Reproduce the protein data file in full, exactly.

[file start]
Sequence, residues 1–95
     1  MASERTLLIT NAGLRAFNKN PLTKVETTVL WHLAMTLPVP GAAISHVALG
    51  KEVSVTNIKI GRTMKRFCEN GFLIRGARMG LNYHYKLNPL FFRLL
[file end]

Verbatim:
Sequence, residues 1–95
     1  MASERTLLIT NAGLRAFNKN PLTKVETTVL WHLAMTLPVP GAAISHVALG
    51  KEVSVTNIKI GRTMKRFCEN GFLIRGARMG LNYHYKLNPL FFRLL